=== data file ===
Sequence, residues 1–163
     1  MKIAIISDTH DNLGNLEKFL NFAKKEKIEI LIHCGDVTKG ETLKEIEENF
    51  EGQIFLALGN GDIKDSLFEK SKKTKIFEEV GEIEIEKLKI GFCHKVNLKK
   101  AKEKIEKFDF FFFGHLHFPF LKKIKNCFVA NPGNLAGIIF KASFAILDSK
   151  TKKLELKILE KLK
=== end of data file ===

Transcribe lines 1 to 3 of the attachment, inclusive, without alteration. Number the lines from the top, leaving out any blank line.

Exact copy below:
Sequence, residues 1–163
     1  MKIAIISDTH DNLGNLEKFL NFAKKEKIEI LIHCGDVTKG ETLKEIEENF
    51  EGQIFLALGN GDIKDSLFEK SKKTKIFEEV GEIEIEKLKI GFCHKVNLKK